This year celebrates the 30th anniversary of the release of one of gaming’s biggest franchises, Final Fantasy. Debuting on Japan’s Nintendo Famicom in 1987, legend has it that the game was a last ditch effort to save its fledgling developer, Square. The game wouldn’t make its way stateside until 1990 on the Nintendo Entertainment System, which is when I first got to experience it.
I remember clearly that the cartridge cost $70 and I cobbled together half of that and split the cost with a classmate, so we could share the game. And we did share it over the summer of 1990. I must admit, this setup was not the best way to play a game. After wrapping up the volcano and lighting the second orb, he took the game back and I didn’t see it again until he had wrapped it up. At which point, I just started a new game.
Wonky first experience aside, I have fond memories of the game on NES and returned to regularly over the years. I’ve played it on nearly everything it has released, except for maybe the Wonderswan. With the release of the NES Classic last year though, I thought what better time and way to celebrate its anniversary than to go back to the original as it was first played by me? You know, minus the weird trading between dungeons.
Few games are as burned into my memory like the opening of Final Fantasy is. Visiting the tiny kingdom of Coneria and learning of the kidnapped princess at the hands of Garland. Leveling up against Imps, GrImps, Wolves, and the occasional MadPony until my party was strong enough to venture north to the temple and rescue Princess Sara. Once rescued, the real adventure begins and the world opens up dramatically. Today, so many years and playthroughs later, that opening is still fully engaging for me.
Going back to it on the NES though, does bring with it some design shock. For one, combat encounters were developed on a very particular set of turn based rules. Each turn you select actions for your party to perform including the ability to attack physically or cast magic. Physical attacks and some spells require you to select a target. This is honestly pretty standard practice. But where returning to Final Fantasy on the NES brings in that design shock, is that if you select a character to perform an action and the receiving target has disappeared your character will still perform the action on the empty space, in effect wasting their move.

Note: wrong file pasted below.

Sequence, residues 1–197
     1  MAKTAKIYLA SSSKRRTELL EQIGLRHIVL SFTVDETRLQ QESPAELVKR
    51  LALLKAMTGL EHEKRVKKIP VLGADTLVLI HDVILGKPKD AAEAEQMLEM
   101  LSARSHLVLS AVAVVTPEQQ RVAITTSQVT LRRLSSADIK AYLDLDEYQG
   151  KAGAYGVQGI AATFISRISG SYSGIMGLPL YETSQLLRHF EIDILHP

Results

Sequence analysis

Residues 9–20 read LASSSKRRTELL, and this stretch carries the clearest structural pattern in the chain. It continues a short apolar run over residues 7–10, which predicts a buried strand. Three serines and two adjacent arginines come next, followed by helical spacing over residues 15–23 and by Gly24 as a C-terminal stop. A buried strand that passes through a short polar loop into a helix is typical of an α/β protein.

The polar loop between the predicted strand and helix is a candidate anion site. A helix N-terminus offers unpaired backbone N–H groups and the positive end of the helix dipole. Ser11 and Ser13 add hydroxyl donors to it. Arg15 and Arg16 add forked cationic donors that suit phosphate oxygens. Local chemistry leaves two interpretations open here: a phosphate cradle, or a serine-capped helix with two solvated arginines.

This can lead to some “cheap” deaths or “unfair” encounters that can strain your patience, especially when saving is relegated to inns in towns, or usable habitats on the open world. Nothing taxes me more than losing a significant chunk of progress because the game handles saving as a reward instead of a safety net.
If you can get past that one odd design quirk, that probably had more to do with the memory limitations of the NES at the time than anything else, Final Fantasy offers up a pretty great early era, open-world RPG. It doesn’t offer up an overly deep story, but what it does have is enough to string you along. It has a solid bestiary and some fantastical boss fights against massive behemoths that can leave you white knuckled and tense. Even today, the enemy designs look great, especially the more intricate bosses like Tiamat and Kracken.
It also lays the groundwork for so much of what comes in later entries to the series. Musical themes, weaponry, and little world building items from this game sprinkle every other Final Fantasy game. For me, even with its lack of story, outdated battle system, and lack of modern functionality, it might be my favorite in the series. Thirty years old and it still stands tall as one of the best.